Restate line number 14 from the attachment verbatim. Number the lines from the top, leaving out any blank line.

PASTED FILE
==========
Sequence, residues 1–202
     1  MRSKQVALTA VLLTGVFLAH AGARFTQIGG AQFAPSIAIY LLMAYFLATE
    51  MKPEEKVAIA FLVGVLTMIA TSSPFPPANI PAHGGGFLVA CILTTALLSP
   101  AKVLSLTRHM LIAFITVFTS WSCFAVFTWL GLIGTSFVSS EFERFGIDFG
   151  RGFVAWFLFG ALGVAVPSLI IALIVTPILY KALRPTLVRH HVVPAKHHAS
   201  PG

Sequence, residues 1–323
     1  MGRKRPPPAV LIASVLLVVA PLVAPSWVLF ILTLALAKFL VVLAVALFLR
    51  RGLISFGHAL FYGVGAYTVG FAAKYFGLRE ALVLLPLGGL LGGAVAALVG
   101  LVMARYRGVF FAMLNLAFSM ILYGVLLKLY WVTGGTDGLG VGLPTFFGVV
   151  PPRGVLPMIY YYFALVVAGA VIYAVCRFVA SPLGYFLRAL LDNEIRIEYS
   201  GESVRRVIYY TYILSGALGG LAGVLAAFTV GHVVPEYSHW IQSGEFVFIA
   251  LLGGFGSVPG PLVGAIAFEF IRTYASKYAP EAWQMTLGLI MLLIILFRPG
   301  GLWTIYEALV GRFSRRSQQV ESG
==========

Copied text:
   301  GLWTIYEALV GRFSRRSQQV ESG